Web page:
Soccer: FIFA reports $196M profit, $1B reserve fund
AP Sports Writer
ZURICH (AP) — FIFA says it made a profit of $196 million in 2009 and increased its reserves to more than $1 billion as soccer's commercial appeal defied the global economic crisis.
In its annual financial report published today, soccer's world governing body said it made its surplus on revenue of $1.059 billion. It's an increase of $12 million in profit from 2008.
FIFA president Sepp Blatter said he was a "happy president" that revenue had topped a billion for the first time.
"We are comfortable. I wouldn't say we are rich," Blatter said after a two-day meeting of FIFA's ruling executive. "A good result has been achieved."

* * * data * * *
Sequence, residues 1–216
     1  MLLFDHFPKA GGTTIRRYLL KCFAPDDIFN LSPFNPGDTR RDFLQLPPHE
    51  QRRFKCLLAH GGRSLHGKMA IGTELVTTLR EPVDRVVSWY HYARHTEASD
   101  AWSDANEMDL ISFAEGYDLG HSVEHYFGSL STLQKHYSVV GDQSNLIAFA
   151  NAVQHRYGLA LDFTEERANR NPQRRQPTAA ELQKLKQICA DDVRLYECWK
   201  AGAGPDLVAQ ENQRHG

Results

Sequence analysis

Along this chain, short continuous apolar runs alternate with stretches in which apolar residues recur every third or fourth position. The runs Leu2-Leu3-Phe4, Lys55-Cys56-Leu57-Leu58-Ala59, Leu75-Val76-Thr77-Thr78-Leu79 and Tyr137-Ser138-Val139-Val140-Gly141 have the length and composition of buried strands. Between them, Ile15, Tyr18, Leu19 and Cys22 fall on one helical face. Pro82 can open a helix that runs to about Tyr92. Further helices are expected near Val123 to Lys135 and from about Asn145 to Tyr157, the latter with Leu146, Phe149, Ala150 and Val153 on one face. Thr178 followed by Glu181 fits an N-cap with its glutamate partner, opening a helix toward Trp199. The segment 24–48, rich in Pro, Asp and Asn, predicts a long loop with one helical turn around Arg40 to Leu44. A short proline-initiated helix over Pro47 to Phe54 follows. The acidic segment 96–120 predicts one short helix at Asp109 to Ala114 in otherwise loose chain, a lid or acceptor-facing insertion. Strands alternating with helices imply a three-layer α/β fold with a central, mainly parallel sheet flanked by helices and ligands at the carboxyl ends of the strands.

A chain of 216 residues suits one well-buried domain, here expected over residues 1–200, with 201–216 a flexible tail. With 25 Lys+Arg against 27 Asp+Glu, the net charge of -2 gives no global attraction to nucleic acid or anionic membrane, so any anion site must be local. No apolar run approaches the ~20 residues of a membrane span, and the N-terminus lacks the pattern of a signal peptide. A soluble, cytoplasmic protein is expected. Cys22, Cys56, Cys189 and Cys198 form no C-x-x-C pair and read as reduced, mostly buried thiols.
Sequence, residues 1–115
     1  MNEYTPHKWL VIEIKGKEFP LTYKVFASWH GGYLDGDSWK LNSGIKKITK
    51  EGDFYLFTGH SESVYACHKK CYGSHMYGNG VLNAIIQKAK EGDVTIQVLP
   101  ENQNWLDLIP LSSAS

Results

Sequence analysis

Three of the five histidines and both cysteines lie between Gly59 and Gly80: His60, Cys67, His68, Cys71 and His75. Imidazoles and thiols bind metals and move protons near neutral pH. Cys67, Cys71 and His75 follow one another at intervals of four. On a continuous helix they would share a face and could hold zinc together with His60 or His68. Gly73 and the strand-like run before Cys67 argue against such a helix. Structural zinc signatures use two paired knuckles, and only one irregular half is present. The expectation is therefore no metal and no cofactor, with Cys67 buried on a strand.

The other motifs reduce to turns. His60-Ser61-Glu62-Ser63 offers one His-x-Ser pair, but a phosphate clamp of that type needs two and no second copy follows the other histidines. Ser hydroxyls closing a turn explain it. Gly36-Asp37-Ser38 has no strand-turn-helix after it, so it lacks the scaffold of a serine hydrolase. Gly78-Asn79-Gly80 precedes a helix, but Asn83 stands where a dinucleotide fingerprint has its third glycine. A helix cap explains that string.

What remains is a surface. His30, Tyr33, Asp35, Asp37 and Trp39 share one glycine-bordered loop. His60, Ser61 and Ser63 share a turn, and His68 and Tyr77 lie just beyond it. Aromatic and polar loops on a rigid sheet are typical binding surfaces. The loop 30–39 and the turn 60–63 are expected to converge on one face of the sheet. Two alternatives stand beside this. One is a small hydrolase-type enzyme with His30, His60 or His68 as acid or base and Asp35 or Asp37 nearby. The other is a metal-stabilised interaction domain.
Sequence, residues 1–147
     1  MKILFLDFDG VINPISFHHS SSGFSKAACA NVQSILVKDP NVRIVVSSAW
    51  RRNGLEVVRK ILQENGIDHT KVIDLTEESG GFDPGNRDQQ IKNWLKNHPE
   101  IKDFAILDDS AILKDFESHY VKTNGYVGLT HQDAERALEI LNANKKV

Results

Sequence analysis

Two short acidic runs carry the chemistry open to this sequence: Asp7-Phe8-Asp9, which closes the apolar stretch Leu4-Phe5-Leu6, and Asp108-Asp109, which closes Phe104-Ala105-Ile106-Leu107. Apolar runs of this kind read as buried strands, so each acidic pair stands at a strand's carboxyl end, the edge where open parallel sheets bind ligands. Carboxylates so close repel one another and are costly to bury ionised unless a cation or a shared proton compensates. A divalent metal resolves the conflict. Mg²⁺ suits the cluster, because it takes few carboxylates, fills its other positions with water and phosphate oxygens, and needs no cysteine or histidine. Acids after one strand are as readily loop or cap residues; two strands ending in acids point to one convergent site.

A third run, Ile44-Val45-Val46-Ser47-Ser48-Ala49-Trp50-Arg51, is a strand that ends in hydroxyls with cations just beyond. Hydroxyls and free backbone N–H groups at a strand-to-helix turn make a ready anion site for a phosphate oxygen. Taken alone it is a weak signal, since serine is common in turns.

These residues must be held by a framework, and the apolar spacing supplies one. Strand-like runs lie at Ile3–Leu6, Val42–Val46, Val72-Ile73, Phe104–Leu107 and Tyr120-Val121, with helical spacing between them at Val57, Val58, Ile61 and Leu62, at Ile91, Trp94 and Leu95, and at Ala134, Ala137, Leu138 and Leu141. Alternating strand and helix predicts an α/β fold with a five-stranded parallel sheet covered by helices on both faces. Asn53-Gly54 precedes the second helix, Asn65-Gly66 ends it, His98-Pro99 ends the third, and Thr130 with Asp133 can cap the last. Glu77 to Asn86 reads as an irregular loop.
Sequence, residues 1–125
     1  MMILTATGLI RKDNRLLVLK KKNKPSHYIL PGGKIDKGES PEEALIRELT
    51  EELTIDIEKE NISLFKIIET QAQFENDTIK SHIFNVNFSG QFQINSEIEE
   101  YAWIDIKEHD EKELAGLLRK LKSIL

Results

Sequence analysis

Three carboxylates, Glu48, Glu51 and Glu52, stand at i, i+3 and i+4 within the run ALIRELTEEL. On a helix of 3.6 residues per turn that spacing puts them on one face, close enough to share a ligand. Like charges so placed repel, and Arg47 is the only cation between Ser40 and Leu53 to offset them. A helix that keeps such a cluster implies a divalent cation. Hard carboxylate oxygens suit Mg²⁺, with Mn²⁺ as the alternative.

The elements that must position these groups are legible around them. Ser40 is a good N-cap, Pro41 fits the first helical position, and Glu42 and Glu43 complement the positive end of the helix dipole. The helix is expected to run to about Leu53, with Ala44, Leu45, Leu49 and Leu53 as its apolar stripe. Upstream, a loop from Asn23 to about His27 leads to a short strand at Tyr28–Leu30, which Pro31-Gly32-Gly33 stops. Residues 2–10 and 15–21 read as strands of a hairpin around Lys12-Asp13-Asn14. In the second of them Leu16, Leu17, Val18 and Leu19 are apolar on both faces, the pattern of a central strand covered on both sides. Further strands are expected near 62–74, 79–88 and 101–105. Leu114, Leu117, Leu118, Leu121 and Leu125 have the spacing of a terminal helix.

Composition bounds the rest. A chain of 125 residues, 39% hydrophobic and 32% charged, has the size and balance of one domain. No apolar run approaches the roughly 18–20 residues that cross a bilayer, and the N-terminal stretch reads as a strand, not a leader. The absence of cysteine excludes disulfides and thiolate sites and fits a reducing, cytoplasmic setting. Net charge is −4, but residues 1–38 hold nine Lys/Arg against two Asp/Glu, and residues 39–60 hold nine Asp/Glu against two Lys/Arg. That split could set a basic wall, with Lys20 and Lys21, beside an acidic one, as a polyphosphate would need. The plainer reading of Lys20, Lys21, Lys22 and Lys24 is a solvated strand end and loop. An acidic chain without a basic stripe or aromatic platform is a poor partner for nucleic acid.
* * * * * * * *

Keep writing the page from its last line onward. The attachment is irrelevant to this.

Blatter said the financial report showed that awarding the 2010 World Cup to South Africa was a "good financial and commercial decision."
In the report, Julio Grondona, the chairman of FIFA's finance committee, said the first World Cup in Africa had posted marketing revenues that surpassed the results of the previous two tournaments, in Germany (2006) and South Korea and Japan (2002).
FIFA has focused on building its reserves in recent years to sustain it in the event that a World Cup is canceled and commercial partners have to be repaid. It originally had a target of $800 million to be set aside by the end of 2010, but has exceeded that with its equity totaling $1.061 billion.
"FIFA has thus far made it through the turbulence in the financial markets and the global recession unscathed and has emerged from the crisis in a stronger position," its report said.
In 2008 it made $184 million profit on revenue of $957 million and its equity stood at $902 million.
FIFA will distribute some of its extra cash — earned mostly from better-than-expected television and marketing deals — to its continental and national members.